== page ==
The officer wrote me a citation for assault by threat but when I said I did not threaten, he whited out that part now it just says assault. There are no witnesses to any assault because there was no assault. Also the officer stated on the citation that I weigh 160 when on my liscence it clearly states 106. I feel it should be corrected. Can anyone help me I have only a few more days to enter my plea. So far I am considering filing not guilty and request a jury trial. Thanks for any suggestions or advice.
Criminal Defense Attorney
Based on the facts you provided, which include no narrative of what the State will rely on, there is no basis to assess the inquiry other then to note that the weight discrepancy in and of itself is unlikely to convince a judge to dismiss the charge. Before you go to Court, consult with a TX lawyer about what did happen, and ask the lawyer to provide you with an analysis of the possible defenses and dispositions. If you did not commit the offense, you should enter a not guilty plea, but need to proceed with an understanding of what will occur and what you are facing. Good luck.
DISCLAIMER I do not practice law in your State. This answer is provided solely for informational purposes only. This answer does not constitute legal advice, create an attorney-client relationship, or constitute attorney advertising.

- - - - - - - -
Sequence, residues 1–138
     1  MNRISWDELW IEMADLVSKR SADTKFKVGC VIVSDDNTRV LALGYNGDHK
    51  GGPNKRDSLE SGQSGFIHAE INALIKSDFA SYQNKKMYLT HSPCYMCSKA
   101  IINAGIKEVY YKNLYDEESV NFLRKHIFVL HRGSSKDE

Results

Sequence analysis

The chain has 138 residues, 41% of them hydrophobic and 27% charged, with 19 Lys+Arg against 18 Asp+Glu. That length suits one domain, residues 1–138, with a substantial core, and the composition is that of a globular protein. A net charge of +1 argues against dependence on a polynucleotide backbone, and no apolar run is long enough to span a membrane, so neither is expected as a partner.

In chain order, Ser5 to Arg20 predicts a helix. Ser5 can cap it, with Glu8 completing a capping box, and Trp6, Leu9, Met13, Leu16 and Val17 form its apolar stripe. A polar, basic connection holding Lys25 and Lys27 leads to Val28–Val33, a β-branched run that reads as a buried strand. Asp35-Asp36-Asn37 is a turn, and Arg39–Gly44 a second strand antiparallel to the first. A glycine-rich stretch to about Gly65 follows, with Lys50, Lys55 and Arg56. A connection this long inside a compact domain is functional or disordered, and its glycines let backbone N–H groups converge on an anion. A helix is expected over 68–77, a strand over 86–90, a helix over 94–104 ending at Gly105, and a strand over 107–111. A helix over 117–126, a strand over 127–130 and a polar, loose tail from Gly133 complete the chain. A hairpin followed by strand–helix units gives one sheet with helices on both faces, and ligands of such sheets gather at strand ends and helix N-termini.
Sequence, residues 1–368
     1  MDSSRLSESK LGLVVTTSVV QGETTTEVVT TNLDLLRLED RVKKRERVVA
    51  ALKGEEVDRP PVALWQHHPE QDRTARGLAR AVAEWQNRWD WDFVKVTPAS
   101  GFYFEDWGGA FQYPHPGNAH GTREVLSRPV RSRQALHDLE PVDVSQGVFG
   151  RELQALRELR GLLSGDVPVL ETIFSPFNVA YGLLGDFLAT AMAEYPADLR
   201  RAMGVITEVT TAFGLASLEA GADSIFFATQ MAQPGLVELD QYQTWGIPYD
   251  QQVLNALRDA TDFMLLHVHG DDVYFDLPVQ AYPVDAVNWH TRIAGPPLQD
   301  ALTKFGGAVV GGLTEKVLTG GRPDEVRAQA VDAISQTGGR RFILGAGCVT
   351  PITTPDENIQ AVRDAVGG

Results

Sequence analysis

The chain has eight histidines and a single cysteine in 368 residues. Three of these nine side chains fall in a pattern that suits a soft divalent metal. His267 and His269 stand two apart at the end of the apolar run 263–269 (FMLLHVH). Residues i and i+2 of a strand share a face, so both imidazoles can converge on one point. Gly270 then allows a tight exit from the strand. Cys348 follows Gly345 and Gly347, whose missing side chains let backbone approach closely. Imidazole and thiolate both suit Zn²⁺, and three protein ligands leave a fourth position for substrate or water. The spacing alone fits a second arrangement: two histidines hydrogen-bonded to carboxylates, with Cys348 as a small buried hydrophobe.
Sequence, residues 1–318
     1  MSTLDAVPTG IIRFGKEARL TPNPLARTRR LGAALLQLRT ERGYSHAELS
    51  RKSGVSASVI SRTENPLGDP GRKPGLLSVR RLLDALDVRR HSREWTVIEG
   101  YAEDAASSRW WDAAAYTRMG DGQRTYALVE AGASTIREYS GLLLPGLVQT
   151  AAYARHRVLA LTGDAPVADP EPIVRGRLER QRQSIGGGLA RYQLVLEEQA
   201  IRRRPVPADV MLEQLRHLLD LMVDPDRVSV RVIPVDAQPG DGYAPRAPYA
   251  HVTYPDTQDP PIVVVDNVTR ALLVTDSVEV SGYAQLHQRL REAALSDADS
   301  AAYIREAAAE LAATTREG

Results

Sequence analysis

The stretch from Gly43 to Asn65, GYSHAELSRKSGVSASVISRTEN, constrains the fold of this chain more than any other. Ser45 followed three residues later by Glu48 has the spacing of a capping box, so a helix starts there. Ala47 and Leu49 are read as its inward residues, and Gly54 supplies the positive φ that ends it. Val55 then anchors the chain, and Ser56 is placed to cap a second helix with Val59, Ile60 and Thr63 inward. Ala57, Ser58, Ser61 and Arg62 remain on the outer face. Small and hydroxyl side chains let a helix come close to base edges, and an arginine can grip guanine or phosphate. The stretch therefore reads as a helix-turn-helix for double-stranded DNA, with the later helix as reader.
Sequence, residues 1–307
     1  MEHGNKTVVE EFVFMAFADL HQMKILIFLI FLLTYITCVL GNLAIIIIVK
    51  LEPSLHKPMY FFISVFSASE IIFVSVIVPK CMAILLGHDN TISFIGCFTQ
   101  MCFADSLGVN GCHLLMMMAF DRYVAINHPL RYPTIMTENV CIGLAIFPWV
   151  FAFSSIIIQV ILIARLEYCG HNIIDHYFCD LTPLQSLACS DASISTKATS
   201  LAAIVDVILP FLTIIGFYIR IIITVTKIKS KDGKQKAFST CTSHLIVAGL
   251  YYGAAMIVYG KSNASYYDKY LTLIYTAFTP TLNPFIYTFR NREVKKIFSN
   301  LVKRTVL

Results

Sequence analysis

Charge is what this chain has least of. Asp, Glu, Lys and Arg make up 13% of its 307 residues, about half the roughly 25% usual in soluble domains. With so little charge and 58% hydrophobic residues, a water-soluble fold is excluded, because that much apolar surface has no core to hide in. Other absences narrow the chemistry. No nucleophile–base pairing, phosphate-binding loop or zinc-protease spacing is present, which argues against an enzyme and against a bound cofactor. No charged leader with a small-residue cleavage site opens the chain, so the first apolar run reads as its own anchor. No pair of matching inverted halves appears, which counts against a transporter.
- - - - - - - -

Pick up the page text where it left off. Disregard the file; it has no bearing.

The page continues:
Criminal Defense Attorney
To be convicted of a class c assault, the State must prove beyond a reasonable doubt that you either intentionally or knowingly threatened another with imminent bodily injury OR intentionally or knowingly caused physical contact with another when the person knew or should reasonably believe that the other will regard the contact as offensive or provocative. The State should have to provide witnesses to these acts. If the officer witnessed the threats or the offensive or provocative contact(s), then the State will not necessarily have to bring the victim to court to testify. If the officer did not witness these events, then the State would have to bring the witnesses (assuming you or your lawyer make the right objections) to testify at trial since hearsay is generally inadmissible.
(I don't know why the weight thing is an issue. You can't really force them to change this. This is not something that is a real issue at trial, but it might go to the lack of the officer's attention to detail.)
There can be a lot of pitfalls trying your own case to a jury, but it is your right. I'd suggest talking with a local criminal defense attorney before going to trial. Most do free consultations.
Disclaimer: This answer is provided as a public service and as a general response to a general question, it is not meant, and should not be relied upon as specific legal advice, nor does it create an attorney-client relationship.